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Future Vision for a Super Smart Society that Leads to Collaborative Creation

Toward an Era that Draws People and Technology Together


    Measures to strengthen various scientific technologies are underway for realizing the super smart society that Society 5.0 aims for. For its part in these efforts, Hitachi is promoting projects for illuminating issues that are expected to arise in the process of transformation to a super smart society and for illuminating the future vision needed to solve them. A method called “vision design” is applied in order to provide insights as to how technology can contribute to the form that society should take in the future. Here, key members working on the frontline of this project discuss the meaning, characteristics, significance of transmission, and other aspects of such a future vision.

    Table of contents

    The Meaning of Illustrating a Future Vision

    Kaori Kashimura
    Robot & AI Project Leader,
    Future Investment Division, Hitachi, Ltd.

    Figure 1Method for Vision Sharing in Collaborative Creation with PartnersWhile other research approaches are used to grasp current situations, vision design is notably different in that it is applied to grasping future societal issues.

    Hitachi has been applying various research approaches to advance collaborative creation with customers. One approach is “vision design” for illustrating a vision of society in the future (see Figure 1). This is a method of grasping future trends (kizashi) first, and then illustrating the image of society from the people's perspective to solve the issues described in those trends. Hitachi views challenges facing the world as trends shaping the future and seeks opportunities to create innovation in this regard. Societal issues are therefore considered not as negative factors, but rather as driving forces for creating new value.

    In the Social Innovation Business that Hitachi promotes, it is not uncommon for solutions and services to take five years or even a decade before actual implementation. In this respect, the necessity of vision design is explained as follows by Kaori Kashimura (Robot & AI Project Leader, Future Investment Division), who has been engaged in research on the usability of products and services and exploration of various design technologies.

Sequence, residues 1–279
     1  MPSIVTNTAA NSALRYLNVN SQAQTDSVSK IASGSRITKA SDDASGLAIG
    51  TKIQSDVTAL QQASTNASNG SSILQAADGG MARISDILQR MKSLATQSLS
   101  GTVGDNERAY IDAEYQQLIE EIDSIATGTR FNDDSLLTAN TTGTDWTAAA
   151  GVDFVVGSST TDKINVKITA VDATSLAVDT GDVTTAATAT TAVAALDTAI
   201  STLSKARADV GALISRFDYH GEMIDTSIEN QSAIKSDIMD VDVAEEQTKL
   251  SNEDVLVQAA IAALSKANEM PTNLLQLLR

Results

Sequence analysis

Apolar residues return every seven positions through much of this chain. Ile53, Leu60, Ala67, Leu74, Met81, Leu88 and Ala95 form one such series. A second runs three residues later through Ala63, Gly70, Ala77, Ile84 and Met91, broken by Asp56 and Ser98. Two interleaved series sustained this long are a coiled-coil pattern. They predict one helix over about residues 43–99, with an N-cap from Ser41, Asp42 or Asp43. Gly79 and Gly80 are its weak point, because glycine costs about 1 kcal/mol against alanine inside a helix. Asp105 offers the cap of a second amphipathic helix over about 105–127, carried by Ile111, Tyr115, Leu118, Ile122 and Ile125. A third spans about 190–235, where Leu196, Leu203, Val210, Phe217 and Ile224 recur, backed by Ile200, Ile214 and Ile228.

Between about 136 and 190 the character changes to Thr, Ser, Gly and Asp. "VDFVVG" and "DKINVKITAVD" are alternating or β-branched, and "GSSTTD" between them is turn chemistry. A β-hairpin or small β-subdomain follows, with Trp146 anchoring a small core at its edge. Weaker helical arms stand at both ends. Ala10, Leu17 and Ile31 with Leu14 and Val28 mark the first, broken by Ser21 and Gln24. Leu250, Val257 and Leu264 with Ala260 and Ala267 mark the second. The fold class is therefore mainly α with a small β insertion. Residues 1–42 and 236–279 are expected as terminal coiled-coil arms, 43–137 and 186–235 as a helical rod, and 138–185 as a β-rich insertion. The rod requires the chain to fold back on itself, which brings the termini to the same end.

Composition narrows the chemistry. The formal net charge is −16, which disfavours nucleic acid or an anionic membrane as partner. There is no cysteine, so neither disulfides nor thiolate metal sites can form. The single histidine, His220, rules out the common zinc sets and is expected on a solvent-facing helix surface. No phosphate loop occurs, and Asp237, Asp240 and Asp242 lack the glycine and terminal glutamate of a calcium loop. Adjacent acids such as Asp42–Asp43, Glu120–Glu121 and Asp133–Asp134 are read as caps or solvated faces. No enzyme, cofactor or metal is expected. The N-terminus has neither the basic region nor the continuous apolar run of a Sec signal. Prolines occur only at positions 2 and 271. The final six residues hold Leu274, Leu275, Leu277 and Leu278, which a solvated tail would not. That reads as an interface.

“It is, of course, no simple task to develop a vision of the future. First of all, nobody knows what the future holds, and thinking about it on our own tends to lead to biased perspectives. Even if we can find issues that will become important in the future, leaving the issues as they are found often ends with vague discussion. I would therefore like to show concrete ideas for addressing challenges, starting with obtaining opinions from various people from the level of their likes and dislikes, and developing those opinions into opportunities to discuss larger issues.”

    Hitachi's future vision helps encourage fruitful dialogue to demonstrate its ideas.

    “Don't Just be Smart, Go beyond Smart.”

    Yoshitaka Shibata
    Unit Leader, Vision Design Project,
    Global Center for Social Innovation – Tokyo, Research & Development Group, Hitachi, Ltd.

    One feature of Hitachi's future vision is its consciousness of points of interest related to challenges and the appeal of approaches toward solving them in order to vitalize discussions. A more fundamental feature is that its approaches are established from people's perspectives.

    Yoshitaka Shibata (Unit Leader, Vision Design Project, Global Center for Social Innovation – Tokyo, Research & Development Group), who has been engaged in vision design activities, responds to Society 5.0 as presented in the 5th Science and Technology Basic Plan of the Cabinet Office as follows.

    “I think that the focus on ‘society,' rather than on industry or the economy, is consistent with our viewpoint in that we are thinking about a new human-centric image of society. Yet, I think it's difficult to obtain a concrete image of Society 5.0 as a super smart society where everyone can live a comfortable, vigorous life. What will happen after smart technologies have worked their way into people's lives? To deepen such discussions, I would like to present specific ideas that capture realistic issues that people can recognize, and we are creating a future vision to that end.”